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Using plastic for ‘Hoverfly Lagoons’

Plastics are incredibly useful synthetic polymers, with their durability being simultaneously one of their greatest strengths, and a massive contributor to a variety of environmental problems. It is estimated that 79% of all plastics ever produced still exist in some form or other (1) and the question of how we can deal with this waste is an extremely complicated one (2,3). Much of the current messaging about what can be done to lessen the impact of plastic waste is to:

Reduce Reuse Recycle

In ‘Hoverfly Lagoons’, we reuse a cut-down plastic milk bottle to make the lagoon. Plastic milk bottles are a single use plastic, meaning they are only designed to be used until that milk portion is consumed, and then to be recycled or disposed of (4,5). They are made of HDPE (High Density Poly Ethylene).

We have been asked a few times why we are asking people to use plastic in a wildlife gardening project, considering the negative environmental impacts of plastic worldwide, and we wanted to address these concerns. For Hoverfly Lagoons, we ask people to use a plastic milk bottle because:

1) It is cheap. It is even likely to be ‘free’, since we assume that no one is buying milk bottles just to use in the project. Where possible, we do not want participants to have to go out and buy extra equipment for our projects, since we want to limit there being any financial barriers to taking part.

2) It is a standard size. When comparing different substrates and positions of lagoons, and how many hoverflies were found, lagoons that are much larger or smaller than others are likely to have very different numbers just based on space available. This broad standardisation allows us to make more scientifically robust conclusions.

3) It is safe to handle. Hoverfly lagoons is a popular project, and is one that we suggest is particularly good to do with children. The protocol requires the lagoons to be emptied out and counted once a month, and making sure that our lagoons will not be too heavy, or dangerous if e.g. dropped, is important. The worst that can happen with a plastic milk bottle is to get messy.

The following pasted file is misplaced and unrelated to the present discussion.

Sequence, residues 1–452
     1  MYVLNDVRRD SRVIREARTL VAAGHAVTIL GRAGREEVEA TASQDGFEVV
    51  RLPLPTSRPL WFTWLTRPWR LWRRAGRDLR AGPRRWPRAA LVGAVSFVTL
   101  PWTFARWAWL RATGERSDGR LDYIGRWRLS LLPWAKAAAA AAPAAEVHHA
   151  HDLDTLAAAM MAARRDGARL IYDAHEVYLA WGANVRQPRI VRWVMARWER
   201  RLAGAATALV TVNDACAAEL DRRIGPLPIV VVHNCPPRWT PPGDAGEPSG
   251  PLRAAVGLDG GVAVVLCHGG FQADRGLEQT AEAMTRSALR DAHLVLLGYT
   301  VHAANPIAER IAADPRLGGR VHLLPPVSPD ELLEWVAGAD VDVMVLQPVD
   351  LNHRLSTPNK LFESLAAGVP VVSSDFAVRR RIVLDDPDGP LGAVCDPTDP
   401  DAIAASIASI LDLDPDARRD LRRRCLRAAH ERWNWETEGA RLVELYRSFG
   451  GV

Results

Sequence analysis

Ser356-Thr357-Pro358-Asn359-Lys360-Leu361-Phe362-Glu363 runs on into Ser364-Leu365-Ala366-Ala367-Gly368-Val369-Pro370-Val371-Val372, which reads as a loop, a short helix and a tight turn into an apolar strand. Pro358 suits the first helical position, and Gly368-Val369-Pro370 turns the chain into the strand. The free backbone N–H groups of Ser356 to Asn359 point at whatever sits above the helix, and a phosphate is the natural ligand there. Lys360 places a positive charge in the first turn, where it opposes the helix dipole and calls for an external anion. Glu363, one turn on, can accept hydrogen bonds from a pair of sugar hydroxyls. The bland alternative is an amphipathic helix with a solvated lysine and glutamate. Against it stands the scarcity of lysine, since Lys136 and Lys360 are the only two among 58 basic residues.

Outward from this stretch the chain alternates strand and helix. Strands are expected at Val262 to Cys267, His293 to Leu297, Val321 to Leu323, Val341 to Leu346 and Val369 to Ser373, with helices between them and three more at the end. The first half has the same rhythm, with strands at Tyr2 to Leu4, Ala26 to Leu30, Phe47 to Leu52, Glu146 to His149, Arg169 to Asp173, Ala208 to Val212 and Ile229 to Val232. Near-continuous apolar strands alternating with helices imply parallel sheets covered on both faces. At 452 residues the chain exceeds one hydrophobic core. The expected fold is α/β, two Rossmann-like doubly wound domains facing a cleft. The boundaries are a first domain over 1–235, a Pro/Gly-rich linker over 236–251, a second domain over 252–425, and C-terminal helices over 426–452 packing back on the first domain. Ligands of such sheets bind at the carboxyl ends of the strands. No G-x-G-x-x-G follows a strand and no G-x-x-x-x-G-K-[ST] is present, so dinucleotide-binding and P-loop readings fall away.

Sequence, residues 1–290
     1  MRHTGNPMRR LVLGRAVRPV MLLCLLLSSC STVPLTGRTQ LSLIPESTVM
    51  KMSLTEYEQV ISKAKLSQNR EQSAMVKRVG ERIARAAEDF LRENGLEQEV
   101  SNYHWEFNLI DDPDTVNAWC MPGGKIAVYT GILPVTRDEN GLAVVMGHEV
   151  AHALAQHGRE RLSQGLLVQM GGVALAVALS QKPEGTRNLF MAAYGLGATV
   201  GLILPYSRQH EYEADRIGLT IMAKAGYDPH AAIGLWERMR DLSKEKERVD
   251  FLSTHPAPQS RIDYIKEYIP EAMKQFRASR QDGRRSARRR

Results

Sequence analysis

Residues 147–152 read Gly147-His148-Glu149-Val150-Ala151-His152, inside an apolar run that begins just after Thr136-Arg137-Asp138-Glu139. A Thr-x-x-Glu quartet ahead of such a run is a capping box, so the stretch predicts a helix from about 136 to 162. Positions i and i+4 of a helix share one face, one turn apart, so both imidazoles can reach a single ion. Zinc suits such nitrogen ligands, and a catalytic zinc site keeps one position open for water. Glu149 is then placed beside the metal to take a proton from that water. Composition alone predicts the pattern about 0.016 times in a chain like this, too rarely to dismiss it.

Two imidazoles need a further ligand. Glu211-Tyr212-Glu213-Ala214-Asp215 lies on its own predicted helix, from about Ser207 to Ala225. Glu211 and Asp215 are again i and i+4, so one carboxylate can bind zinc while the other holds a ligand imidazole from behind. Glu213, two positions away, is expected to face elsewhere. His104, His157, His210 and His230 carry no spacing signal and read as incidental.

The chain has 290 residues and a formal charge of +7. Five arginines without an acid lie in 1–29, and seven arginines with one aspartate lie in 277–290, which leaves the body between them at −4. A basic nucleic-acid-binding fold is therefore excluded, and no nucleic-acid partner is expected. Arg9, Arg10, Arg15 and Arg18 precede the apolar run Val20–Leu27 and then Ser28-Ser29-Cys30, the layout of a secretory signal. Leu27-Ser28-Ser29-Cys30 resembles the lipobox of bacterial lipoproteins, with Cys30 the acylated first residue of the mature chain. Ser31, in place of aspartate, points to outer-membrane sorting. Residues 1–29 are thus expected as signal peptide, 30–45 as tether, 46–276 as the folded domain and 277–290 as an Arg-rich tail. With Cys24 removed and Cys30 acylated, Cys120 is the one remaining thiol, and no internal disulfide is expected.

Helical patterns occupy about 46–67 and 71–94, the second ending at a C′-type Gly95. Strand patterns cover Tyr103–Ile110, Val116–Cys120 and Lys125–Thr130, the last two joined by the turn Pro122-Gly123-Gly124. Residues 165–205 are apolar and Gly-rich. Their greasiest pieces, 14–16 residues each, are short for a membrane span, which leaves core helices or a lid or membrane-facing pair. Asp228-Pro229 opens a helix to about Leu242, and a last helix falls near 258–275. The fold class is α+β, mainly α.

We did not originally specify how long to keep any individual lagoon for, but the instructions from 2021 now request that participants replace the cut-down bottle when they tip out the lagoon for monthly counting.

HDPE is able to be recycled at a fairly high-quality (depending on the technique used; 6,7), so as long as we make sure not to degrade the bottle during the project, it should not affect its recycling. Keeping the bottles in shady spaces, and replacing them frequently, means that the plastic will not get too grubby to be cleaned, or damaged by sunlight, and can re-enter the recycling stream.

In terms of what we put into the lagoon: a mix of fly larvae and plant bits in water is not that far away from milk (a mix of fats and proteins in water, just a bit more… blended), so is unlikely to damage or contaminate the plastic over the duration of project.

Further Information & References

1. Matthews, C., Moran, F. & Jaiswal, A. K. A review on European Union’s strategy for plastics in a circular economy and its impact on food safety. Journal of Cleaner Production 283, 125263 (2021).

2. Our planet is drowning in plastic pollution. This World Environment Day, it’s time for a change.

3. Wilkins, M. More Recycling Won’t Solve Plastic Pollution. Scientific American Blog Network

4. Geueke, B., Groh, K. & Muncke, J. Food packaging in the circular economy: Overview of chemical safety aspects for commonly used materials. Journal of Cleaner Production 193, 491–505 (2018).

5. Nutrition, C. for F. S. and A. Guidance for Industry: Use of Recycled Plastics in Food Packaging (Chemistry Considerations). U.S. Food and Drug Administration (2020).

6. Welle, F. Develop a food grade HDPE recycling process. The waste & Resources Action Programme, Oxon (2005).

7. Pattanakul, C., Selke, S., Lai, C. & Miltz, J. Properties of recycled high density polyethylene from milk bottles. Journal of Applied Polymer Science 43, 2147–2150 (1991).


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